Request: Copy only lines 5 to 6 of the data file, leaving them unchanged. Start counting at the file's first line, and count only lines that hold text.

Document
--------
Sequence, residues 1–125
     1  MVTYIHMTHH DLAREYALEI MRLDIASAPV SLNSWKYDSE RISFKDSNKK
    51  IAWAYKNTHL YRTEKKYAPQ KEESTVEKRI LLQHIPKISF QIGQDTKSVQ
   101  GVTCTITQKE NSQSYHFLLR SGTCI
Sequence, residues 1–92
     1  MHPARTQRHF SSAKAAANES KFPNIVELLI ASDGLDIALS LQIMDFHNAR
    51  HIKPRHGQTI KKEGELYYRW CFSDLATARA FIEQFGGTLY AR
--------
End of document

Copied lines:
Sequence, residues 1–92
     1  MHPARTQRHF SSAKAAANES KFPNIVELLI ASDGLDIALS LQIMDFHNAR